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Decreased variation of inflammatory markers in gestational diabetes




Gestational diabetes is a prediabetic state. Sub-clinical inflammation may play a role in the transition from gestational diabetes to type 2 diabetes; the role of the autonomic nervous system as a mediating system has been raised. We aimed to study the association of the sympathetic nervous system and sub-clinical inflammation in women with gestational diabetes.


We studied 41 Caucasian women with gestational diabetes and 22 healthy pregnant and 14 non-pregnant controls. We assayed plasma noradrenaline, insulin, C-reactive protein, interleukin-6, insulin growth factor-1, serum amyloid A, steroid hormone-binding globulin, α-1 acid glycoprotein and cortisol at 2400, 0400 and 0700 h.


No differences existed in the concentrations of inflammatory markers between gestational diabetes and normal pregnancy but women with gestational diabetes showed loss of variation in C-reactive protein and serum amyloid A. Levels of hormone-binding globulin were lower in hypertensive compared with normotensive women with gestational diabetes at all time points and lowest at midnight when α-1 acid glycoprotein levels were higher in hypertensive women.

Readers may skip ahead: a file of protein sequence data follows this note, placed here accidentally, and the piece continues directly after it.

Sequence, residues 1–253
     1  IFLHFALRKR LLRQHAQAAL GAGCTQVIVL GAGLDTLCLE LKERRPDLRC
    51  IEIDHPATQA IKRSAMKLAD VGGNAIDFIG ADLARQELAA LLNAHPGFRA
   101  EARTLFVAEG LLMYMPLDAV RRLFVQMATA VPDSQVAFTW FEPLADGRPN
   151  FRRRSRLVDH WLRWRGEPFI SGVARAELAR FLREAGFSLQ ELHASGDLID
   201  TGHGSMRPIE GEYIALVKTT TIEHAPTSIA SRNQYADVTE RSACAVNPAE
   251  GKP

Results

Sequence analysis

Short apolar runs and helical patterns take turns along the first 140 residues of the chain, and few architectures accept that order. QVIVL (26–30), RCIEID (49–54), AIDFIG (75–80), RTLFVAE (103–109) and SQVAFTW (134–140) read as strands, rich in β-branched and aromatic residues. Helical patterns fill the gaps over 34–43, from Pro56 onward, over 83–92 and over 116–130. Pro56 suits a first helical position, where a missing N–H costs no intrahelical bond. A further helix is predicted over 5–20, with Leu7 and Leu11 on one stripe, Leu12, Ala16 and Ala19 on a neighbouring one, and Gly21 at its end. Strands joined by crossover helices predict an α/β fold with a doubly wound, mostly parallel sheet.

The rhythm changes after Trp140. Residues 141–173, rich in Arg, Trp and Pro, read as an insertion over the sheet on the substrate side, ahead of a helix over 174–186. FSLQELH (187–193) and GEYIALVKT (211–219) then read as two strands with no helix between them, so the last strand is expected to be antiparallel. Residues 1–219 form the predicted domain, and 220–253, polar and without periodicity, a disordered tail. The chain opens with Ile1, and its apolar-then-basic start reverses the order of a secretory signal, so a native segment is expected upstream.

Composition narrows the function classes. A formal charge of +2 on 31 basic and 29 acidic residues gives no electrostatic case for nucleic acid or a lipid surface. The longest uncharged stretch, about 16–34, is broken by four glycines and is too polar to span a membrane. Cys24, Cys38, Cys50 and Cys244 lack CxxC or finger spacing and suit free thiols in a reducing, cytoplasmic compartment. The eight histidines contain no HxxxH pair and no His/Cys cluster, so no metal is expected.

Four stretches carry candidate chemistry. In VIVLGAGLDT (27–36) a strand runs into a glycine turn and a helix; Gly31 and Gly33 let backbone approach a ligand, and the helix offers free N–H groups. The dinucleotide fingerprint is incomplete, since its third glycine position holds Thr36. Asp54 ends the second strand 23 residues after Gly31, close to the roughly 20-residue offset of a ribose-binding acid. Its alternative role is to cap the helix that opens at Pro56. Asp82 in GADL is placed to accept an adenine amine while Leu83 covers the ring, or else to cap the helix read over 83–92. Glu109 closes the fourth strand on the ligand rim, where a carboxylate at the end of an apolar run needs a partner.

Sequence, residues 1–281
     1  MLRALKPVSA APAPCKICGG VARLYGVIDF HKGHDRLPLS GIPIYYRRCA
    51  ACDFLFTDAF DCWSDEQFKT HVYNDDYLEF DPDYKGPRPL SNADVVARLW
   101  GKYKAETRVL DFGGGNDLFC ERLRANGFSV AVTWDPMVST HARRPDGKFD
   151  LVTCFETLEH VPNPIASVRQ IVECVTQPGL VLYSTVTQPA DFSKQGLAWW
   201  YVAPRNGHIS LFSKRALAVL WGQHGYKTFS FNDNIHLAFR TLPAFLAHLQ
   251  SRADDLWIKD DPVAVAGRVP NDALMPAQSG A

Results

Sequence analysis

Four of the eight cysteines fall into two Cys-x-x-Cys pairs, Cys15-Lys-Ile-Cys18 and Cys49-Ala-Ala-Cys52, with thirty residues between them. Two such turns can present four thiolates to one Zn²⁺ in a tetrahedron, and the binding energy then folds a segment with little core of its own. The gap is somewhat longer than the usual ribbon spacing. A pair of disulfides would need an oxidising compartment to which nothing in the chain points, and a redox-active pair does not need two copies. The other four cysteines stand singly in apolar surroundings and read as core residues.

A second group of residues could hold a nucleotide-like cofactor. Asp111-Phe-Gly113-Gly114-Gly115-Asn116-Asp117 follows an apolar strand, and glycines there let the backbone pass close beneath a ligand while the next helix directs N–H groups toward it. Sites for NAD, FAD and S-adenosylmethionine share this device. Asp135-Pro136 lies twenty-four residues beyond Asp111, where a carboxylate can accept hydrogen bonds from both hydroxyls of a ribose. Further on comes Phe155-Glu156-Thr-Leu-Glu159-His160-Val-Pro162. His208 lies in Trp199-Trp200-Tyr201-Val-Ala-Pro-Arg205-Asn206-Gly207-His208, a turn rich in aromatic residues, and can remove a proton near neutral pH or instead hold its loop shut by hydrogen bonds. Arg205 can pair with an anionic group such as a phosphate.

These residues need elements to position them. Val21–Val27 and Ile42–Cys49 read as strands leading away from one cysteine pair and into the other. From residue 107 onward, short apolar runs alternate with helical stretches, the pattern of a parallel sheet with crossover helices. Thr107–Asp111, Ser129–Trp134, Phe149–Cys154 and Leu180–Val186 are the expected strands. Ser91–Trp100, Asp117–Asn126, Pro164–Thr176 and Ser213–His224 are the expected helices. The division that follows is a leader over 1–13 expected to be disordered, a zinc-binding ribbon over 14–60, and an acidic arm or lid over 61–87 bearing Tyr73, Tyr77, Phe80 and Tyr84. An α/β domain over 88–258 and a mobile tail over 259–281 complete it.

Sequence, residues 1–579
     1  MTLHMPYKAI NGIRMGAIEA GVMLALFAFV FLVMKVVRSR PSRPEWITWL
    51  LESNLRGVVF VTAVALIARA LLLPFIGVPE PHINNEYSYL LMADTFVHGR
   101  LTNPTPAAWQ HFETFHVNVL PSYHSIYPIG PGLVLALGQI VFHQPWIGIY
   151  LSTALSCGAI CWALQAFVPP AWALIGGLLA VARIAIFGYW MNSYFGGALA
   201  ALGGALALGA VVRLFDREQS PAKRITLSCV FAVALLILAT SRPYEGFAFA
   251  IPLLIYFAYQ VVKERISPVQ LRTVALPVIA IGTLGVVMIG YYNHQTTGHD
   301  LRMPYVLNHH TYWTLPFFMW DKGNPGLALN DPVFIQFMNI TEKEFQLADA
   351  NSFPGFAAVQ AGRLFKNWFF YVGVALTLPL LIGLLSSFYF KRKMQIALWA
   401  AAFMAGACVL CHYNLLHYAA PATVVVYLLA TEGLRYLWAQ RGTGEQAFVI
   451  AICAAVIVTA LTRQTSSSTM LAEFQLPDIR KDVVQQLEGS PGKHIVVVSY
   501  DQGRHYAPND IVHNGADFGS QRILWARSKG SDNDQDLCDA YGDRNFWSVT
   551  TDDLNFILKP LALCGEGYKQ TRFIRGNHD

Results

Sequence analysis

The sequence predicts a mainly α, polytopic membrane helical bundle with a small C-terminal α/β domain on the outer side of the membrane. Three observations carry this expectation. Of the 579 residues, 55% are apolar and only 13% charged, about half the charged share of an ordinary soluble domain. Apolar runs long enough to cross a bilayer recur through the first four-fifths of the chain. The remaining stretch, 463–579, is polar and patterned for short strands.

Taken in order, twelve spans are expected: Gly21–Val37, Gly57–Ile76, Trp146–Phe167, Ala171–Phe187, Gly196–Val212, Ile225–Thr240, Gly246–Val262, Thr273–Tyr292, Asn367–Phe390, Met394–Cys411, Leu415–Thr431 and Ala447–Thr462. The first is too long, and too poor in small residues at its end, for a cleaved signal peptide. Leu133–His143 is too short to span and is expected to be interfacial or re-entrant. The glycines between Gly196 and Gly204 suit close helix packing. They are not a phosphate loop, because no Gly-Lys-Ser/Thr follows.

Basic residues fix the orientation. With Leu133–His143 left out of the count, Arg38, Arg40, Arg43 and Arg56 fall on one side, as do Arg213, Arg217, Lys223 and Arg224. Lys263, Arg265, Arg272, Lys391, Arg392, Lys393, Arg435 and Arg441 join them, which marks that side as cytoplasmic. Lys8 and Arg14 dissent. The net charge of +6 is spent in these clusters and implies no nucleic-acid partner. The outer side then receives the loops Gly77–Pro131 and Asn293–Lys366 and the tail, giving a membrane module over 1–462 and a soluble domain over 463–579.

Gestational diabetes is associated with loss of natural variation of C-reactive protein and serum amyloid A, suggesting altered modulation of inflammation. Hypertension in gestational diabetes seems not to be associated with higher levels of inflammatory markers other than α-1 acid glycoprotein. Copyright © 2011 John Wiley & Sons, Ltd.